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Day: August 30, 2018

Supporting the local team

To the Editor:

I feel someone needs to reach out to say thanks for your sports section. Your sports department has always shown great support of our team (I feel it should encourage people in our community to go to more games).

The Volcano players have tried as well as they can, even though they have faltered at times. They may not win first place in their division but their win/lost record is in a good shape to reach the playoffs.

Their manager, Hector Borg, is doing an outstanding job trying to cope with decisions handed down by the San Francisco Giants, beyond his control. He also has to deal with three players now on the disabled list, due to being hit by opposing teams.

It is the Keizertimes, not the Salem newspaper, who I personally feel has taken more time showing support “stepping to the plate” to cover the Salem-Keizer Volcano baseball team.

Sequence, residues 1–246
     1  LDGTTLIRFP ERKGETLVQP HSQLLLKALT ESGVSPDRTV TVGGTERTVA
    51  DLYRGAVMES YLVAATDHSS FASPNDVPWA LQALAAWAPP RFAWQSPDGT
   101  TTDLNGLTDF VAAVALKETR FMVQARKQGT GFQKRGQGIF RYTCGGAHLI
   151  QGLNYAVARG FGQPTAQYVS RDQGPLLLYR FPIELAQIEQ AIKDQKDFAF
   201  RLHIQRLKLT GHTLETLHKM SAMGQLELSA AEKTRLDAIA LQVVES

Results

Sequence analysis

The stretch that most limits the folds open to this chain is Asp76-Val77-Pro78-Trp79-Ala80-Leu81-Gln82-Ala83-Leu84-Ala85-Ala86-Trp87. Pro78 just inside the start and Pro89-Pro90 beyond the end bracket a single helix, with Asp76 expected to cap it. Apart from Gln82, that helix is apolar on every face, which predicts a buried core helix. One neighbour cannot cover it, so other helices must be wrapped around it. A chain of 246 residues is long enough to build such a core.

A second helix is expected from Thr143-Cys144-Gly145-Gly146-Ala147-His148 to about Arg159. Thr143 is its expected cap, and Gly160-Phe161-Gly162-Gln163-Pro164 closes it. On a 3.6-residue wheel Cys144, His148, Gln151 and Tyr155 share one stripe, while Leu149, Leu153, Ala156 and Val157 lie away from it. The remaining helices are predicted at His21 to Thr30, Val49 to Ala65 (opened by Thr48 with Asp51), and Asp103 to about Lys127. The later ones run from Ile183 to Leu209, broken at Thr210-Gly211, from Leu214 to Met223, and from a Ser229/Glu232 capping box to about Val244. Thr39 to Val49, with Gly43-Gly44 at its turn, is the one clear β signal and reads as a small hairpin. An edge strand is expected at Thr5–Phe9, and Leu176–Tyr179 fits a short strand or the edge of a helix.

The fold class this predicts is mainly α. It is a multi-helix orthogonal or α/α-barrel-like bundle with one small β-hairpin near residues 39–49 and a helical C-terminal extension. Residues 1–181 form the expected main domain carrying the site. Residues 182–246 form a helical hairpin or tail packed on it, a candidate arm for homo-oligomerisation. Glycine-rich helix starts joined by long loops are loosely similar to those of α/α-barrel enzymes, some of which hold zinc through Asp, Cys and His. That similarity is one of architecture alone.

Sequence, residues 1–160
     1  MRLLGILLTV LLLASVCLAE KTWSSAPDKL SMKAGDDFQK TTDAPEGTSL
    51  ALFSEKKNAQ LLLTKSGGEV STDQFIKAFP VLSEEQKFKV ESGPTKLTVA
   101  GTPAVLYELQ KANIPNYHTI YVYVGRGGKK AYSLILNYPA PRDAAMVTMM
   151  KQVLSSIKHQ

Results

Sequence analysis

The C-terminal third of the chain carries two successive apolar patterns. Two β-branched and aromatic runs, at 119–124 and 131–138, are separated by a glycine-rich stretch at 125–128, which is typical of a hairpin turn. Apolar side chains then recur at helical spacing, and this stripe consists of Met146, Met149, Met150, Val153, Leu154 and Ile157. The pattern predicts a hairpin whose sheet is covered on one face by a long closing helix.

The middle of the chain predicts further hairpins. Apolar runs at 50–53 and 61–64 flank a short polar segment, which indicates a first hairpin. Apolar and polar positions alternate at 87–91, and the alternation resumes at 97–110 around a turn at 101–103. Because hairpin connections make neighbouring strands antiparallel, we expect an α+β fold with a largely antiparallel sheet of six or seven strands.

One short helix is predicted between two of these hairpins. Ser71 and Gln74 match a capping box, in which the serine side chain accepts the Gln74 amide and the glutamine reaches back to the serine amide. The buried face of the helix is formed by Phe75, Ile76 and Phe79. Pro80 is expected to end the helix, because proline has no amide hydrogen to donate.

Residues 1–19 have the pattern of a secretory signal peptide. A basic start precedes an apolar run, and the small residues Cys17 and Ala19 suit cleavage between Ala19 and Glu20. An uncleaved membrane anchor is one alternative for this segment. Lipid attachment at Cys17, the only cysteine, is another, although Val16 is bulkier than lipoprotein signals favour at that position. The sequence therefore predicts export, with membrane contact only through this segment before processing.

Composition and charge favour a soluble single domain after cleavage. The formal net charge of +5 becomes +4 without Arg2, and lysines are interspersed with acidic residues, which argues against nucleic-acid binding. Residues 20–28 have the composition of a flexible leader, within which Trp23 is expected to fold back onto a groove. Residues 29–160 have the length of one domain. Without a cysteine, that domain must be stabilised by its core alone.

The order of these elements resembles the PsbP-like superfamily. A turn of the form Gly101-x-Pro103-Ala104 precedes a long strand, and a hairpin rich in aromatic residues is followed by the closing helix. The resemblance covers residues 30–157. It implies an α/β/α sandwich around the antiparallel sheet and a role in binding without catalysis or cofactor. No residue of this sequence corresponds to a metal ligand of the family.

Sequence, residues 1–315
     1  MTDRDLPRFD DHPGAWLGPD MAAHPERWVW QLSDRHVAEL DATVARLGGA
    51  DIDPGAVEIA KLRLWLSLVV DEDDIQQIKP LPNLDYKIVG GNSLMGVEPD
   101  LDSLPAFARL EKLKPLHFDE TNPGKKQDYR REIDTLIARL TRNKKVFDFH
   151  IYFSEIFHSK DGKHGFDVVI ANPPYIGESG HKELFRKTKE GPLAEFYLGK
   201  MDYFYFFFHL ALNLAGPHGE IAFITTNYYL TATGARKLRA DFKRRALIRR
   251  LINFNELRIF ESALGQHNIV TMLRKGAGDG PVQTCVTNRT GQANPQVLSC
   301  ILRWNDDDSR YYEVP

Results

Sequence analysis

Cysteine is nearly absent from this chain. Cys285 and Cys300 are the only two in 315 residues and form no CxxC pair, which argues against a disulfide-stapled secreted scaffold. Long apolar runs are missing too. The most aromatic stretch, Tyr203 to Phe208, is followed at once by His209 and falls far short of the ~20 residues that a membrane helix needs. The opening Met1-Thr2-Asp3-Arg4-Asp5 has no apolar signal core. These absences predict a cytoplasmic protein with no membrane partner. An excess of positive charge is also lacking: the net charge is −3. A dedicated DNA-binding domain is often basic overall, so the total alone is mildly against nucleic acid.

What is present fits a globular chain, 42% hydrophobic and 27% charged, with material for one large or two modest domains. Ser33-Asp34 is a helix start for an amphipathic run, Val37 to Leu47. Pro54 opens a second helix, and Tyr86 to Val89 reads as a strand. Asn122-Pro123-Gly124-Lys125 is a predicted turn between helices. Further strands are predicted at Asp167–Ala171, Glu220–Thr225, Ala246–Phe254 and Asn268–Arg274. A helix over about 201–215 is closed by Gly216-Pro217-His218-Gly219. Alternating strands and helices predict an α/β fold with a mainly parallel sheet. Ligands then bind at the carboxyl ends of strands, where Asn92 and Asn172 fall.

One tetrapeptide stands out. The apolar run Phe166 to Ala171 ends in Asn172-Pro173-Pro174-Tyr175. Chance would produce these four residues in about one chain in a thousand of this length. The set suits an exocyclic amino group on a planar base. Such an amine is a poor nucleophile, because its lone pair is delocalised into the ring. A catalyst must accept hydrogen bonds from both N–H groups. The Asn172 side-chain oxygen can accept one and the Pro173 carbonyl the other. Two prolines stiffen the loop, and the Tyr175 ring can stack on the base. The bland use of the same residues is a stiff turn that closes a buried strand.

Congratulations Keizertimes and your sports section for such support of our local team.

Sam La Masa

An inconvenient truth

The Keizer City Council and Keizer Planning Commission will be discussing the most recent findings of a revitalization study focused on Keizer’s business corridors at a work session Monday, Aug. 27.

The goals of the study are two-fold: determining how can the city promote new and redevelopment and how can it capture more housing units in the process. While both are important, the council should be paying close attention to the ramifications of the housing component.